|Trade names||Savaysa, Lixiana, Roteas, others|
|Bioavailability||62%; Tmax 1–2 hours|
|Metabolism||minimal CES1, CYP3A4/5, hydrolysis, glucuronidation|
|Elimination half-life||10–14 hours|
|Excretion||62% feces, 35% urine (97% of 60 mg)|
|CompTox Dashboard (EPA)|
|Chemical and physical data|
|Molar mass||548.06 g·mol−1|
|3D model (JSmol)|
|(what is this?)|
It was developed by Daiichi Sankyo and approved in July 2011, in Japan for prevention of venous thromboembolisms following lower-limb orthopedic surgery. It was also approved in the United States by the Food and Drug Administration (FDA) in January 2015, for the prevention of stroke and non–central-nervous-system systemic embolism. It was approved for use in the European Union in June 2015. It is on the World Health Organization's List of Essential Medicines.
In the United States, edoxaban is approved for treating deep vein thrombosis and pulmonary embolism following five to ten days of initial therapy with a parenteral anticoagulant. It is also approved for reducing the risk of blood clots in people with nonvalvular atrial fibrillation.
In the European Union, edoxaban is approved for preventing blood clots in people with nonvalvular atrial fibrillation who also have at least one risk factor, such as having had a previous stroke, high blood pressure, diabetes mellitus, heart failure or being 75 years old or over. It is also used to treat deep vein thrombosis and pulmonary embolism and to prevent either of these from reoccurring.
Contraindications and notes
Edoxaban is often contraindicated in people (incomplete list):
- with active pathological bleeding
- who are pregnant or breastfeeding
- who have conditions that increase bleeding risks. Examples: liver disease associated with coagulopathy and relevant bleeding risk, current or recent gastrointestinal ulceration, malignant neoplasms at high risk of bleeding, recent brain injury or spinal injury, recent brain, spinal or ophthalmic surgery, known or suspected esophageal varices, arteriovenous malformations, aneurysms or major intraspinal or intracerebral vascular abnormalities
- who have uncontrolled and severe high blood pressure
- who use any other anticoagulants
Edoxaban (incomplete list):
- is enhanced by the following strong P-glycoprotein (P-gp) inhibitors: ciclosporin, dronedarone, erythromycin or ketoconazole. Concomitant use of these and edoxaban may require 30 mg doses of edoxaban (instead of 60 mg). The efficacy of edoxaban may decrease when it is used with strong P-gp inducers such as phenytoin, carbamazepine, phenobarbital or St. John's Wort. If these medications are used with edoxaban, caution is advised.
- interacts with antiplatelets, NSAIDs, SSRIs and SNRIs.
- works less well than warfarin in nonvalvular atrial fibrillation with a creatinine clearance (CrCl) greater than 95 ml/min.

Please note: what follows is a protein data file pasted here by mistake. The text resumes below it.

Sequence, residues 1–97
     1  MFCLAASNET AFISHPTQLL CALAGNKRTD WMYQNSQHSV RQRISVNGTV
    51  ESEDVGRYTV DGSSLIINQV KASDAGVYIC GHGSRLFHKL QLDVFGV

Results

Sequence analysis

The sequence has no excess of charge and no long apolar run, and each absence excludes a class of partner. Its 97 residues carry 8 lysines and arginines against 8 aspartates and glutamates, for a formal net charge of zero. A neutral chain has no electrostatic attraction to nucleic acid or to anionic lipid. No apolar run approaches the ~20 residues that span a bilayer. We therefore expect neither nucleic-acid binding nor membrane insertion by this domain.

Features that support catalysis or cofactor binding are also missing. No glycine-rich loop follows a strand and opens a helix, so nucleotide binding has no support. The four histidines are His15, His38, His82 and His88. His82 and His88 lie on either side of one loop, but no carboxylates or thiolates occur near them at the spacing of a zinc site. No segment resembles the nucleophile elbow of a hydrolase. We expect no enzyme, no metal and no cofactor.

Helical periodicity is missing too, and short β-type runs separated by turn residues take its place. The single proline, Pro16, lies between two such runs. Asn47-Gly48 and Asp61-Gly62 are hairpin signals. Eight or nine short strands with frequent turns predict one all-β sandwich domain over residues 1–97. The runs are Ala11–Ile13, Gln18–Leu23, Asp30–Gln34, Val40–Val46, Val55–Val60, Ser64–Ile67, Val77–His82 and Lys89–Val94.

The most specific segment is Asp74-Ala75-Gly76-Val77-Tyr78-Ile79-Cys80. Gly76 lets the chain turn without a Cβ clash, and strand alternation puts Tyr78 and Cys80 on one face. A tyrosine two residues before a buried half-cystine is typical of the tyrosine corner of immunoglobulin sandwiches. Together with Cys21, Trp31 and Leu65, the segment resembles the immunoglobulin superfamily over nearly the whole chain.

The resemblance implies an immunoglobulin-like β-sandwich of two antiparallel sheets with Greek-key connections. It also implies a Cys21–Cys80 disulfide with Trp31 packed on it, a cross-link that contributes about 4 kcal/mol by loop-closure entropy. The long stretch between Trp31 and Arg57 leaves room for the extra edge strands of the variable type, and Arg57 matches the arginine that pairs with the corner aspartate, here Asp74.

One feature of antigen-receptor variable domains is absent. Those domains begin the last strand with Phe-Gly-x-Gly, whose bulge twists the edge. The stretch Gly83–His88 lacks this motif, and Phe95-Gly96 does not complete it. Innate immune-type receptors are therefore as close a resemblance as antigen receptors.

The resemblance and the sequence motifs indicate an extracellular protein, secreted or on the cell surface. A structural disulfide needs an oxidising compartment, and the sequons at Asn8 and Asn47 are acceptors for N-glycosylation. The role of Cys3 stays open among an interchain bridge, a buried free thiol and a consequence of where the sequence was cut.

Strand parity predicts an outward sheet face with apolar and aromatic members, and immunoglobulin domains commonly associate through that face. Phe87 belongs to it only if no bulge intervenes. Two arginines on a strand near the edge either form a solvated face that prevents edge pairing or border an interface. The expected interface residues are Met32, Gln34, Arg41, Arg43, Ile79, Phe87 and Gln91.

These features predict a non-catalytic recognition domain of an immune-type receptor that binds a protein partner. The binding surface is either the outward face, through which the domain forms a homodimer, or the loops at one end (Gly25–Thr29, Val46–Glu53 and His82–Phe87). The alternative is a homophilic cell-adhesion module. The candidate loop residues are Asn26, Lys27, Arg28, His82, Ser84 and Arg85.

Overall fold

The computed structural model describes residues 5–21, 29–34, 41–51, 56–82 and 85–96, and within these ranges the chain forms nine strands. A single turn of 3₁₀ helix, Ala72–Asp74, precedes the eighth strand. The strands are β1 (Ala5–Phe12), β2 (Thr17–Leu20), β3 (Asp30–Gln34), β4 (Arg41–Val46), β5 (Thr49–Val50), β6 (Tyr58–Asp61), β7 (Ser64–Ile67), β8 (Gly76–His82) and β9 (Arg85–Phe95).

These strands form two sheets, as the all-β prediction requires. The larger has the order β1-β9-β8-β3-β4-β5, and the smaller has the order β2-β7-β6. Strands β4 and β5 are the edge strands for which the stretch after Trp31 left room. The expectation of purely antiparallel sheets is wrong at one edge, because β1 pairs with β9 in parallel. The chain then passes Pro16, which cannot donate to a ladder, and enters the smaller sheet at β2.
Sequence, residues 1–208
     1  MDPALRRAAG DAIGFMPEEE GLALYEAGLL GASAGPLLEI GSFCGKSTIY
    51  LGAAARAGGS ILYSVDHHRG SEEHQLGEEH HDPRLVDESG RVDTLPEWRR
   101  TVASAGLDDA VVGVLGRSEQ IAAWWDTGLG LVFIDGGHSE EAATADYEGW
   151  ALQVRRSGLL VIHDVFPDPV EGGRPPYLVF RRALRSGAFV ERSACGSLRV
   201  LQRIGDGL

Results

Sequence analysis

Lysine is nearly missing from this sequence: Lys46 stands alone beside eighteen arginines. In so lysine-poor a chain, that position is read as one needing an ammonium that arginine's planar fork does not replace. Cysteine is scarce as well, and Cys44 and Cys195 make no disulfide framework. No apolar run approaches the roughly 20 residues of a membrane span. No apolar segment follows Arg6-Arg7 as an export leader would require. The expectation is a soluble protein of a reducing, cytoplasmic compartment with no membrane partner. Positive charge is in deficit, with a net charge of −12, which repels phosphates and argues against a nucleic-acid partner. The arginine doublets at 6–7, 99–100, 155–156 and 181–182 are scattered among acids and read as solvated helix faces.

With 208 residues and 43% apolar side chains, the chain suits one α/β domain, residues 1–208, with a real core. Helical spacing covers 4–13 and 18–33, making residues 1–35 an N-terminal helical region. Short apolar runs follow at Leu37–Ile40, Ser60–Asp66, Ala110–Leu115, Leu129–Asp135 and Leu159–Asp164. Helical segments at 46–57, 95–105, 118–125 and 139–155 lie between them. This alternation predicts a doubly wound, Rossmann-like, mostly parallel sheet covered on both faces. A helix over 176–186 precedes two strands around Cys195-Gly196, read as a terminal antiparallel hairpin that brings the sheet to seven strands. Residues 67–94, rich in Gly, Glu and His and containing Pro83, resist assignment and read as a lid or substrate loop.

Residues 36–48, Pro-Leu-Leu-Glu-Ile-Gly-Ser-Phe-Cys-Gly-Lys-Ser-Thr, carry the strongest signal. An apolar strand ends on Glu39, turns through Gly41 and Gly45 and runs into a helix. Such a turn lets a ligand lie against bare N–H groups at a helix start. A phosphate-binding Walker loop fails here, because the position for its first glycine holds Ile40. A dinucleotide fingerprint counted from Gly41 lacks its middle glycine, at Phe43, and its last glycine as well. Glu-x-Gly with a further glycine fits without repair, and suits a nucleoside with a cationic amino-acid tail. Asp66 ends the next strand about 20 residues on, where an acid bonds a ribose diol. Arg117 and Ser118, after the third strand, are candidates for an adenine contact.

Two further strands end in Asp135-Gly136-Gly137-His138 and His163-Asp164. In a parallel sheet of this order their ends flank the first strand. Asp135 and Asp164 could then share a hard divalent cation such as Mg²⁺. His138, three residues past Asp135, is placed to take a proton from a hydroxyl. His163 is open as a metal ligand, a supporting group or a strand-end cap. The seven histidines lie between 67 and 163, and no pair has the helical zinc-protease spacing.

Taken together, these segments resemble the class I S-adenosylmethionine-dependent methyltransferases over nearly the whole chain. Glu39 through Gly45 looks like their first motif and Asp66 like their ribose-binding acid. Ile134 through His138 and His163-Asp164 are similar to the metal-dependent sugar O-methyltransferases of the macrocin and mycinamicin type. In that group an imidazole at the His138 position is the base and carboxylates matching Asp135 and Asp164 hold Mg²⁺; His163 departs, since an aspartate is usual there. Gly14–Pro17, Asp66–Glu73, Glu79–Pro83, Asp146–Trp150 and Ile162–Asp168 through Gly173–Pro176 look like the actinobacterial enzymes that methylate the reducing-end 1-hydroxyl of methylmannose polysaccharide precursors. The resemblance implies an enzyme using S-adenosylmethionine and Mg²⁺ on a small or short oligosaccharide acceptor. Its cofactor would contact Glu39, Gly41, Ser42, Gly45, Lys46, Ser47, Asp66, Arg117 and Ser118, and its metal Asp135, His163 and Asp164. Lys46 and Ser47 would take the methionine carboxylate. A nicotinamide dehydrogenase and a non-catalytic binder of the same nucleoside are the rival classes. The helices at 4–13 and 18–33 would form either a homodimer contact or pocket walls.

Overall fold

May affect up to 1 in 10 people:
- stomach ache
- abnormal results of blood tests that measure liver function
- bleeding from the skin, nose, vagina, bowel, mouth, throat or stomach
- bloody urine
- feeling sick
May affect up to 1 in 100 people:
- bleeding in the eyes, brain, after a surgical operation or other types of bleeding
- blood in the spit when coughing
- reduced number of platelets in blood
- allergic reaction
May affect up to 1 in 1000 people: bleeding in the muscles, joints, abdomen, heart or inside the skull.
Edoxaban overdose can cause serious bleeding. No approved antidotes for edoxaban overdose exist as of April 2021[update]. Hemodialysis does not significantly contribute to edoxaban clearance. Andexanet alfa has been studied as an antidote for edoxaban overdose, but has only been approved for reversing rivaroxaban and apixaban effects by the FDA and the EMA as of 2019.
Mechanism of action
Edoxaban is a direct, selective, reversible and competitive inhibitor of human factor Xa, with an inhibitory constant (Ki) value of 0.561 nM. In coagulation, uninhibited factor Xa forms a prothrombinase complex with factor Va on platelet surfaces. Prothrombinases turn prothrombins to thrombins. Thrombins turn blood-soluble fibrinogens to insoluble fibrins, which are the main components of blood clots.
In human, 15–150 mg oral doses of edoxaban reach their maximum concentrations in blood 1–2 hours after ingestion. With 60 mg doses of isotope labeled edoxaban, 97% of the total radiation was detected after oral administration, with 62% from feces and 35% from urine. 49% of the total radiation from the feces and 24% from the urine were from edoxaban, the rest from its metabolites.
Metabolism occurs mostly via CES1, CYP3A4, CYP3A5 and enzymatic hydrolysis. CES1 oxidizes the tertiary amide carbonyl carbons of edoxabans to carboxylic acid groups. CYP3A4 and CYP3A5 oxidize edoxabans via hydroxylation or demethylation. In hydrolysis, 2-amino-5-chloropyridine moiety of edoxaban is removed. Glucuronidation occurs to a lesser extend via glucuronosyltransferases.
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